Still quite a massive advantage which offen offsets going second.
   
Made in us
Fixture of Dakka






Falls Church, VA

Spoletta wrote:
I read it too like that the first time.

Unfortunately it is written quite badly and what it really means is that you counterdeploy and choose your zone, but can't decide the deployment type.

Still quite a massive advantage which offen offsets going second.


Can't you? I remember in CA2018 you had to roll randomly because that's what the rulebook says, but in CA2019 I thought they fixed that. I guess it's still random. I don't have CA on hand to check.

Some people say they know no fear. What they mean is that they have encountered and conquered it. I, on the other hand, truly know no fear. It is as alien to me as doubt, rage, or mercy.

2nd Concordian Independent Super Heavy Tank Armoured Regiment - 12,376 points
Order of the Luminous Beacon - 2087 points
Nevian Conclave of the Ordo Hereticus - 2002 points 
   
Made in gb
Norn Queen






 Unit1126PLL wrote:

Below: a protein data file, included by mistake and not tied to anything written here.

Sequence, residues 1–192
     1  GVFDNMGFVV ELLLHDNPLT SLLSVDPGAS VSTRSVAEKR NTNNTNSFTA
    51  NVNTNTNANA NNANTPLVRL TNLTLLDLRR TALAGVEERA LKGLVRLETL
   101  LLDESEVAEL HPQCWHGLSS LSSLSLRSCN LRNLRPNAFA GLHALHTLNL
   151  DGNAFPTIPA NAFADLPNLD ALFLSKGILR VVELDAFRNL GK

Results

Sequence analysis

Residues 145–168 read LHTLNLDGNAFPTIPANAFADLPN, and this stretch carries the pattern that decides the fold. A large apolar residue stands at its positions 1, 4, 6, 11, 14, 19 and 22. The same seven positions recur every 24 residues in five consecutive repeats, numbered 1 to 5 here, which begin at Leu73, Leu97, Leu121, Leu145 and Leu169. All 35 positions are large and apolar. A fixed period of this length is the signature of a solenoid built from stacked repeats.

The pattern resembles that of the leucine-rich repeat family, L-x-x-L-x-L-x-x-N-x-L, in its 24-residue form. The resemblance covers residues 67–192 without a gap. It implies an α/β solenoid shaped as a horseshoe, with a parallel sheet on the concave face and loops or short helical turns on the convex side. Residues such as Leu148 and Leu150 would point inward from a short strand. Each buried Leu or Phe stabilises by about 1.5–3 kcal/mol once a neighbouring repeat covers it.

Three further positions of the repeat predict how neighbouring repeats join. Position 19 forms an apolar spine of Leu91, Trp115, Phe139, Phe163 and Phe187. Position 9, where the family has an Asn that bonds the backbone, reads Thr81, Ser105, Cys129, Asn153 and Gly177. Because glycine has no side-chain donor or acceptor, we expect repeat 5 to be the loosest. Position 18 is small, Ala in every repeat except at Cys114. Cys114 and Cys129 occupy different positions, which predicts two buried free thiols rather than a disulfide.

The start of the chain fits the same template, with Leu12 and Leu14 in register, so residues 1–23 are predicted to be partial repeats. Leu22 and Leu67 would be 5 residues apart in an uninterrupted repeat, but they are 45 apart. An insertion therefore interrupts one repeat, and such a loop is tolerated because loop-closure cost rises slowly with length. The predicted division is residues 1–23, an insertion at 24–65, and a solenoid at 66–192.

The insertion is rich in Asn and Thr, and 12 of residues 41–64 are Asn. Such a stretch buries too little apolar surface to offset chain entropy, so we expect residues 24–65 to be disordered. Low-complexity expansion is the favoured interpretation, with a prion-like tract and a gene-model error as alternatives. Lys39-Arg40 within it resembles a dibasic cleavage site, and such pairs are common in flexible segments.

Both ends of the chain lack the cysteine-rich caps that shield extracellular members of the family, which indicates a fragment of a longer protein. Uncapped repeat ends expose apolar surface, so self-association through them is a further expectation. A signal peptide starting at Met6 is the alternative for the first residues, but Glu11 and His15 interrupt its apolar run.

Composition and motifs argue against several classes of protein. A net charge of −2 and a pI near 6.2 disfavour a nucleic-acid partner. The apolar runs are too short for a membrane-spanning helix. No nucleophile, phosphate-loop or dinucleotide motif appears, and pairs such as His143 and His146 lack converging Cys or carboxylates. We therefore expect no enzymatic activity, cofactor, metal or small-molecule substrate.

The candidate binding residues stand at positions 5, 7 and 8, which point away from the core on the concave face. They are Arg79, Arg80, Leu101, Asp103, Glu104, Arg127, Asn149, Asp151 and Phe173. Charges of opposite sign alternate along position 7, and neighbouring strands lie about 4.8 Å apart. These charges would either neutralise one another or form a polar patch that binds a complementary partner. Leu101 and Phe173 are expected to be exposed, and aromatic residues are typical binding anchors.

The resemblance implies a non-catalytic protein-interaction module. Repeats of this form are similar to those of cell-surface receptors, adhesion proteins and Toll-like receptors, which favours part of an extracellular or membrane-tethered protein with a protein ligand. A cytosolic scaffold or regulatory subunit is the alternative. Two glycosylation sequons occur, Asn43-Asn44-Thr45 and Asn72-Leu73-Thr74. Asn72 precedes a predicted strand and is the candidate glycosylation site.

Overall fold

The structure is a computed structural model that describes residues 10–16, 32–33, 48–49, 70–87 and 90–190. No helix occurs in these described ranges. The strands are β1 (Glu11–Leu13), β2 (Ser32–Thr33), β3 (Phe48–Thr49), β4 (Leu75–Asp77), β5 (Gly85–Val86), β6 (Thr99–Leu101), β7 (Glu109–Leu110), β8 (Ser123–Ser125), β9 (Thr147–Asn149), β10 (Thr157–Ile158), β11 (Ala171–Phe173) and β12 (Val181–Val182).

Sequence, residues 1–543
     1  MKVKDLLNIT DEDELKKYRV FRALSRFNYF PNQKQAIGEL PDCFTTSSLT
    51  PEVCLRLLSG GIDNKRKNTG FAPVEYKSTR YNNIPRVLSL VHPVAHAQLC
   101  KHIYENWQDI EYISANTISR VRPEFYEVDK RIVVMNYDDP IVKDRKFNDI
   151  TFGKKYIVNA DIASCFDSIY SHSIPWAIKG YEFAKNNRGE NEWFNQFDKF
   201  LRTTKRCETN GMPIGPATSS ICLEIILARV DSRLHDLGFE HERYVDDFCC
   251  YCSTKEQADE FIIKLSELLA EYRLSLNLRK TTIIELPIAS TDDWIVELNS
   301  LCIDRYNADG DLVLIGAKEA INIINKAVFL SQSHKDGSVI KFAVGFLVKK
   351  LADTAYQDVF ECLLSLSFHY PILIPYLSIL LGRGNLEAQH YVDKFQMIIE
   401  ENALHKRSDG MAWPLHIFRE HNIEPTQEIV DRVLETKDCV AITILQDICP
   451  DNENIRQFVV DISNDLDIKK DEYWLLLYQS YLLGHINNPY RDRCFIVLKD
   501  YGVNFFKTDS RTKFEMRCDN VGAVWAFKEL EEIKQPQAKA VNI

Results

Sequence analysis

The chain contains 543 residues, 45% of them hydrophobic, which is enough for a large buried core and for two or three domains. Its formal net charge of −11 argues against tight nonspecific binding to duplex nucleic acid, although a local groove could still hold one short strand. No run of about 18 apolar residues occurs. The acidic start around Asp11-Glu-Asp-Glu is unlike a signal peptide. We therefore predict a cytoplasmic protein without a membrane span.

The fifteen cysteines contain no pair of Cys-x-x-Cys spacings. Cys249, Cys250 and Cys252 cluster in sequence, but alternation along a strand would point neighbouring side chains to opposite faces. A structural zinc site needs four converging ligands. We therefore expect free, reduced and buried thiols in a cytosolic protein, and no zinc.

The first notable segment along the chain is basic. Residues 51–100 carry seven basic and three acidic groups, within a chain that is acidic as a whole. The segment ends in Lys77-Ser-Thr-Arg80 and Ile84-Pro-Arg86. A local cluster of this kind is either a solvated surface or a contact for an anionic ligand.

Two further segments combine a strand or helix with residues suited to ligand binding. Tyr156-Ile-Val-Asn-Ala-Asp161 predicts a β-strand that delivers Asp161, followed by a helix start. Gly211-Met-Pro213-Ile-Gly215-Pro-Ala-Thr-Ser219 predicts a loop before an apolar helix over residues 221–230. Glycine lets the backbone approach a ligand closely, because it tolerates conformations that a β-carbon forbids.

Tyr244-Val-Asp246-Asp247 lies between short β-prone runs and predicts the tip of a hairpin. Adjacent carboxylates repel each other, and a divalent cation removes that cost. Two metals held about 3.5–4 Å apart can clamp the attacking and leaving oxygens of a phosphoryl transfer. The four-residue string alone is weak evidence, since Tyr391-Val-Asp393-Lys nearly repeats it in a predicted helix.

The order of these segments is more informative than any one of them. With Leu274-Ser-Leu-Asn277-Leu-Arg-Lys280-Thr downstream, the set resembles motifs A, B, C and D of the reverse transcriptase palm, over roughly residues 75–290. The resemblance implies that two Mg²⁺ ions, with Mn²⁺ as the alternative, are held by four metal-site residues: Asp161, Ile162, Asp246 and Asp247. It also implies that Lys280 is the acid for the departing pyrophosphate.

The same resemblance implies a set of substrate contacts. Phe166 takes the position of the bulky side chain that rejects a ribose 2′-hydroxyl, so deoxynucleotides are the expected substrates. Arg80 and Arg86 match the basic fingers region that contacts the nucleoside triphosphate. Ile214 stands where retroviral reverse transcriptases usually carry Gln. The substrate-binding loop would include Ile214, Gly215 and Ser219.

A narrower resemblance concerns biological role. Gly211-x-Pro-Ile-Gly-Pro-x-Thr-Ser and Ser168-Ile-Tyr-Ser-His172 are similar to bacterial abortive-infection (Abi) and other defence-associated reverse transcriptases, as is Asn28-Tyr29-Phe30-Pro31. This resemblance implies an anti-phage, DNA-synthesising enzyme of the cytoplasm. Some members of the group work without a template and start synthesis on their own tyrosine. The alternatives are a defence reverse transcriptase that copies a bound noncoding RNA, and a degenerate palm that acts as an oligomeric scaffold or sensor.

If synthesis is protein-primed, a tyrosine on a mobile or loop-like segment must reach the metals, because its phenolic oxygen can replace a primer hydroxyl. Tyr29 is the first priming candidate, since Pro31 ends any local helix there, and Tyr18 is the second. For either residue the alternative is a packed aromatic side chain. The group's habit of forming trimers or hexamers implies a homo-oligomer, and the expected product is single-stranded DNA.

Spoletta wrote:
I read it too like that the first time.

Unfortunately it is written quite badly and what it really means is that you counterdeploy and choose your zone, but can't decide the deployment type.

Still quite a massive advantage which offen offsets going second.


Can't you? I remember in CA2018 you had to roll randomly because that's what the rulebook says, but in CA2019 I thought they fixed that. I guess it's still random. I don't have CA on hand to check.
Even in CA19, the deployment zone is still random. The defender "determines" it, but it's still random.
BRB Page 216 wrote:These six standard deployment maps are referenced in the matched play missions in this section. When playing matched play missions, you must randomly select one of these deployment maps. To do so, one of the players simply rolls a D6 – you then use the deployment map that corresponds to the result. The mission will typically say which player makes this roll – if not, it is made by the youngest player.

Add me on Discord: BaconCatBug#0294 +++++List of "broken" RaW in Warhammer 40,000 8th edition+++++
+++++List of documents required to play Warhammer 40,000 8th edition+++++
Disclaimer: My YMDC answers are from a "What the rules, as written (or modified by Special Snowflake FAQ) in the rulebooks, actually say" perspective, not a "What I wish the rules said" perspective. Even GW agrees with me, send an email to 40kfaq@gwplc.com for a confirmation reply "4. Apply The Rules As Written. If you still don’t have a satisfactory answer, use the rule just as it is written if you possibly can, even if you are not completely happy with the effect the rule has."